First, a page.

What a Wonderful Counselor we have! He does not deny us our feelings, our grief, our anguish, our frustration, confusion or disappointment. In fact, he can sympathize with our suffering in every way. I am glad that Jesus cried, wept even. (John 11:35). I really am. It means He gets it. He knows how heavy a heart can be; it can’t help but break wide open, emptying evidence of its pain, shaking its being, flowing out and making eyelids as heavy as the heart. And it might be worth mentioning who Jesus poured his heart out to in his deepest moments of anguish and dread. He prayed to His Father asking God to take this cup from Him. “Going a little farther, he fell to the ground and prayed that if possible the hour might pass from him. “Abba, Father,” he said, “everything is possible for you. Take this cup from me. Yet not what I will, but what you will.” Then he returned to his disciples…” (Mark 14:35-37a) It kinda looks to me that Jesus resembled Hannah a little bit. He fell to the ground in honest emotion before God. He begged from God what He wanted, but submitted to God’s will. Then, afterwards He got up and went about doing what was next-returning to His disciples, to be arrested and taken to die. It might sound sadistic, but I love that prayer of Jesus. It is so real and I can relate. It gives me such comfort. Misery loves company and I would say I have the best of all in Jesus. He gets it. He gave me an example. He gave me a place to turn. He gives me compassion. And He has given me what I could never have on my own: victory. He not only suffered, but He won.
“ So then, since we have a great High Priest who has entered heaven, Jesus the Son of God, let us hold firmly to what we believe. This High Priest of ours understands our weaknesses, for he faced all of the same testings we do, yet he did not sin. So let us come boldly to the throne of our gracious God. There we will receive his mercy, and we will find grace to help us when we need it most.” (Hebrews 4:14-16 NLT).
He endured the same sufferings, not so He could lord it over us that He suffered but did not sin, but so He could empathize in our weakness, offer us compassion and offer us help. He suffered so we would know we are not suffering alone. So why suffer alone? Why not approach the throne of grace and mercy, compassion and help? Sometimes I think that act of faith is more difficult than stuffing it all inside or trying to solve it all myself. It can be easy to choose to get angry with God when we don’t get what we want or what we think we deserve. It is way too easy to confuse my emotions for reality. What can be hard is to choose to trust when things don’t make sense or when things just plain stink.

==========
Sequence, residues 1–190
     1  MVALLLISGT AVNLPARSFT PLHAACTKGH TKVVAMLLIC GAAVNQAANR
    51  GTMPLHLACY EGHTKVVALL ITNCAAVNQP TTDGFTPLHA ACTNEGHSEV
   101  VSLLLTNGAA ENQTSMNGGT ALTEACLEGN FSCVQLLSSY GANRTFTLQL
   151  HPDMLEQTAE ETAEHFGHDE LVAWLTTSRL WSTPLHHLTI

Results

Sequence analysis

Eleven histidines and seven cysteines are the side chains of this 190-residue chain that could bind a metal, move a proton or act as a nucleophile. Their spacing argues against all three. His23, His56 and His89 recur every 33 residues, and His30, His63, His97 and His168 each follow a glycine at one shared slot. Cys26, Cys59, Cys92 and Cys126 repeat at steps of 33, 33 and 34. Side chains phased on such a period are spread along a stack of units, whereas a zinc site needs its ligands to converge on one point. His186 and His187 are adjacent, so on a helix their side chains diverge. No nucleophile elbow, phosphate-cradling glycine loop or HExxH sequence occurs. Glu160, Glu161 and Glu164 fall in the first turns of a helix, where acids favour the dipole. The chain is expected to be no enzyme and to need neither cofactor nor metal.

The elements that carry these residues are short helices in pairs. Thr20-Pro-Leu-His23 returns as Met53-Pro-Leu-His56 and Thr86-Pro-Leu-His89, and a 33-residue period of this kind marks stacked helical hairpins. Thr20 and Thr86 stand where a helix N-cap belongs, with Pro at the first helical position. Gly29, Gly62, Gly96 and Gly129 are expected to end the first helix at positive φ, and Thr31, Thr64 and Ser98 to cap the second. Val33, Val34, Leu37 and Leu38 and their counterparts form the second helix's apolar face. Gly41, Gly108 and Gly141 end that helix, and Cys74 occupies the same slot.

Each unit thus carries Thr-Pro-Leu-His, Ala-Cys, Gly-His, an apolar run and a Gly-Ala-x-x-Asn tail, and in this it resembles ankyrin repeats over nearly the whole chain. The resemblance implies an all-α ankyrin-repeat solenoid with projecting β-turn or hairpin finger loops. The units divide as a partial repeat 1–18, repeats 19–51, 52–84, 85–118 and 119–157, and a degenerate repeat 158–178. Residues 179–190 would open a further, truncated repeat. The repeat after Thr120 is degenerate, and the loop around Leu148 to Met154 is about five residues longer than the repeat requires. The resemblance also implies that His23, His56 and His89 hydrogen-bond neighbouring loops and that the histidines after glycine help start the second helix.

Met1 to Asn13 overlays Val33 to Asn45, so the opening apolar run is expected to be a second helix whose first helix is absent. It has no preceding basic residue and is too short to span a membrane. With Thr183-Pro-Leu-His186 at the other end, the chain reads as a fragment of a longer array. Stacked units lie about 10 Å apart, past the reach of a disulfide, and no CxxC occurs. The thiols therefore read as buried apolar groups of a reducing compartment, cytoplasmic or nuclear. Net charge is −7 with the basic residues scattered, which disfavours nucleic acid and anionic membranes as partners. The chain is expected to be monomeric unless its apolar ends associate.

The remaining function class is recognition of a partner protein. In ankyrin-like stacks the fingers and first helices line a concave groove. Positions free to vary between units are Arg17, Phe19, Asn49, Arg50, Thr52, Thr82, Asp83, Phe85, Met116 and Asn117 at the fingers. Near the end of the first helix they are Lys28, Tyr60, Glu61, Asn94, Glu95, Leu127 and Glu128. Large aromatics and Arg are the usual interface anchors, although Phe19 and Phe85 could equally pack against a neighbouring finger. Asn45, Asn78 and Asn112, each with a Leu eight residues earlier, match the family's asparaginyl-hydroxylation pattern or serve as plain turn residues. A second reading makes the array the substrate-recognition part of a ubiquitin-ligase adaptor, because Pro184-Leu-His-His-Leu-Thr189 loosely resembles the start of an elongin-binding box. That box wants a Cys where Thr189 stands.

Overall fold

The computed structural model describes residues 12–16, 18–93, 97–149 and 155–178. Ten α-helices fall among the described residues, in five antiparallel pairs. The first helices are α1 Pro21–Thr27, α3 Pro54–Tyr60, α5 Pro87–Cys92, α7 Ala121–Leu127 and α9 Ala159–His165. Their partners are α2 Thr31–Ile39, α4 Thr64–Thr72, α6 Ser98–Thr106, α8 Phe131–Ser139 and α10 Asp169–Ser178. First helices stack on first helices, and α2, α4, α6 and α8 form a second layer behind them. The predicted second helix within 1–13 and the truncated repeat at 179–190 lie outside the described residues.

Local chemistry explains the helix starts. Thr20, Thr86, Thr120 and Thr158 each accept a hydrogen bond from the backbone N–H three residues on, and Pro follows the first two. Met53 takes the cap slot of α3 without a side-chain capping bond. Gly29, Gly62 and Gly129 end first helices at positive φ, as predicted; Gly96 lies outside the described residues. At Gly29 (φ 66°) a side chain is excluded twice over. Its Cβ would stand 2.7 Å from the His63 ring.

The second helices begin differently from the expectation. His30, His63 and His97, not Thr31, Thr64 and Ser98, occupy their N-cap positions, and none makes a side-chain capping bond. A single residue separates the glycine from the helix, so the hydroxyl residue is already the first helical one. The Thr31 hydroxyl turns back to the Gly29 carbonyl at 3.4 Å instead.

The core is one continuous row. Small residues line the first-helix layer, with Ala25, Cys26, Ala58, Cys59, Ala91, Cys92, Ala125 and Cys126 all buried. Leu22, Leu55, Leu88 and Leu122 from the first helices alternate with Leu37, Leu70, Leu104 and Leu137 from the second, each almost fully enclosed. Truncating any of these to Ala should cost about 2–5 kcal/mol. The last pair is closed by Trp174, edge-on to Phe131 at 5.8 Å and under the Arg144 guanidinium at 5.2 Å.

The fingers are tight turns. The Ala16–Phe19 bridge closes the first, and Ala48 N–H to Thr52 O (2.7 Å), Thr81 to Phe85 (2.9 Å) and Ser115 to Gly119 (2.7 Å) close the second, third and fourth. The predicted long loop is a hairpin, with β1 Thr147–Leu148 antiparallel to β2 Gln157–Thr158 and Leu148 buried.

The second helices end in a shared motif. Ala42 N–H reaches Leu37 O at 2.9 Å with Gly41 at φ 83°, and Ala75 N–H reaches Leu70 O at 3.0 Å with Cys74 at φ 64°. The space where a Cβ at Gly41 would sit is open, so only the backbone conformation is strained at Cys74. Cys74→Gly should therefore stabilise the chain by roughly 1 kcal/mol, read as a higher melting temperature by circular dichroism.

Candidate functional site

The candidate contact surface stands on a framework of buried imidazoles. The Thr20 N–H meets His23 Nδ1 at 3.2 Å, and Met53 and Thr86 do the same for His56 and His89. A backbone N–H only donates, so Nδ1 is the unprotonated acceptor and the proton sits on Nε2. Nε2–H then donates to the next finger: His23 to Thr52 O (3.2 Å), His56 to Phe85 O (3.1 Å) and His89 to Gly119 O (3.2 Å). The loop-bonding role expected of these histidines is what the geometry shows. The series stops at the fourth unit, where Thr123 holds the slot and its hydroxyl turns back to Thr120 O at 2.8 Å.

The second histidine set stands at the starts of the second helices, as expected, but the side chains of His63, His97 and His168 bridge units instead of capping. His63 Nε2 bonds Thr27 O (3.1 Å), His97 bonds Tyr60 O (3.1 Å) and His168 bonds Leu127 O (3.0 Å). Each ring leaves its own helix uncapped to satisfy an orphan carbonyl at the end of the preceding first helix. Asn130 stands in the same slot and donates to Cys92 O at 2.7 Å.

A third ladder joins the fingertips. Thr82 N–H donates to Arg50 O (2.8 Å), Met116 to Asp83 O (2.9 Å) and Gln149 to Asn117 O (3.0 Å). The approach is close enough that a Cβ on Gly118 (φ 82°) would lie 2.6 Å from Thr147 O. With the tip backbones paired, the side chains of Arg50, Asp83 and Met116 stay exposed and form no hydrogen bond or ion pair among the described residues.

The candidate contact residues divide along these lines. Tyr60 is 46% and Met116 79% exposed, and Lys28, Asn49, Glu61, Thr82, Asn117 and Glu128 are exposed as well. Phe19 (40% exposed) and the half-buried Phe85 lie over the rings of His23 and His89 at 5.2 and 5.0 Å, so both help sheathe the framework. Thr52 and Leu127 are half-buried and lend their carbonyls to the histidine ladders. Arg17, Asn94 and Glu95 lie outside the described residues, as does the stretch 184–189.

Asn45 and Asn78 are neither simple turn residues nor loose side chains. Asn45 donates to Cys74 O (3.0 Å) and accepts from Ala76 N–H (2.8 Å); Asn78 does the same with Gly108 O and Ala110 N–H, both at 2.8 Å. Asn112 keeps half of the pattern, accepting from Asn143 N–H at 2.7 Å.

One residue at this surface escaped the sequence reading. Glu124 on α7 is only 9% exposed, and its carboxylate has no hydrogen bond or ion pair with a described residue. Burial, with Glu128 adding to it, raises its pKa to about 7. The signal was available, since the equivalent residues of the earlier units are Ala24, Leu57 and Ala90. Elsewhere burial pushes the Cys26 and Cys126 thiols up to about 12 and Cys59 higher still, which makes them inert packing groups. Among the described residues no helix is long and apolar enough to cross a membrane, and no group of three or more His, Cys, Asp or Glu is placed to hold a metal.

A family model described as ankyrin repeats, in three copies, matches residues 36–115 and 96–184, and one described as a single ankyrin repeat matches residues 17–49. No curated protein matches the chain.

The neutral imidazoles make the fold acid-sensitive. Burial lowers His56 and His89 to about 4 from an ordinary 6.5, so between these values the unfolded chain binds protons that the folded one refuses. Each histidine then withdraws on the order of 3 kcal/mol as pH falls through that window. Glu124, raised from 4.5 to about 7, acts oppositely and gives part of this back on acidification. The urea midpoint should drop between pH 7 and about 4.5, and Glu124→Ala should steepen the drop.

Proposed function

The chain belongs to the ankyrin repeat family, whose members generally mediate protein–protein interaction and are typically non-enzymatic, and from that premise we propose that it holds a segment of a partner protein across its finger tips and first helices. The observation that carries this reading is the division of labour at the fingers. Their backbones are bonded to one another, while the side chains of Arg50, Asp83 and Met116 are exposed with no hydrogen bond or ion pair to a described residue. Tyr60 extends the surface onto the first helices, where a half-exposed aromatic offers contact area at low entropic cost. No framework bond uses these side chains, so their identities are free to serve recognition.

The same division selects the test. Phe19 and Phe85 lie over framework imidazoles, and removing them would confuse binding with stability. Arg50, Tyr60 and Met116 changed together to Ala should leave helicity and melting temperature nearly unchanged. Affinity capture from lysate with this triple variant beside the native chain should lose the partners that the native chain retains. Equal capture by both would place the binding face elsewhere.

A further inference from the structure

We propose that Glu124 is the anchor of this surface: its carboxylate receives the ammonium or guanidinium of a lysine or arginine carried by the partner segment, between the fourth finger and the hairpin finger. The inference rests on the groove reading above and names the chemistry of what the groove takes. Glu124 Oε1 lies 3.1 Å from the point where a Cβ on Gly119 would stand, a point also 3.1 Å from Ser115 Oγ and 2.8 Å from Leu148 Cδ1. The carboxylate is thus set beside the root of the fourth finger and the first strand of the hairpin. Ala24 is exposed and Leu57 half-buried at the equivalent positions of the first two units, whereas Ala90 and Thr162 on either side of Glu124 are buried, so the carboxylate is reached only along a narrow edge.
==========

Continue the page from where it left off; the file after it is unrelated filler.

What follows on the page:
Some days my feeble voice is choked by sobs and I can see myself in that portrait of Hannah. Some days that is all I can muster. But I choose to cry at the feet of God. I choose to wrap my emotions in truth and beg for His grace. Some days that is my biggest leap of faith. “It doesn’t feel okay. But I know you are holding me. I don’t like this. But I trust this is best. I don’t know what is coming. But I know you.” Some days that is my most sacrificial act of worship. It isn’t pretty but it is real. And I don’t have to pretty myself up for God. He sees me, takes me, loves me just as I am. Which is awesome because I don’t know about you, but I have never looked pretty crying. When those tear ducts open it is like the first hour of the Perfect Storm. People just try to take cover, because tears and snot will fly unpredictably in any direction. I am glad Jesus is an expert at calming storms, even the storms that brew up in me.
And I can say from experience, when I pour my deepest feelings out to God I never feel empty for long. When I choose to trust Him despite what I feel and walk in faith farther than my eyes can see, I never feel betrayed. My God is so amazing. He fills me with peace I cannot explain and makes my face no longer downcast. Now, if only he would do something about the puffy raccoon eyes…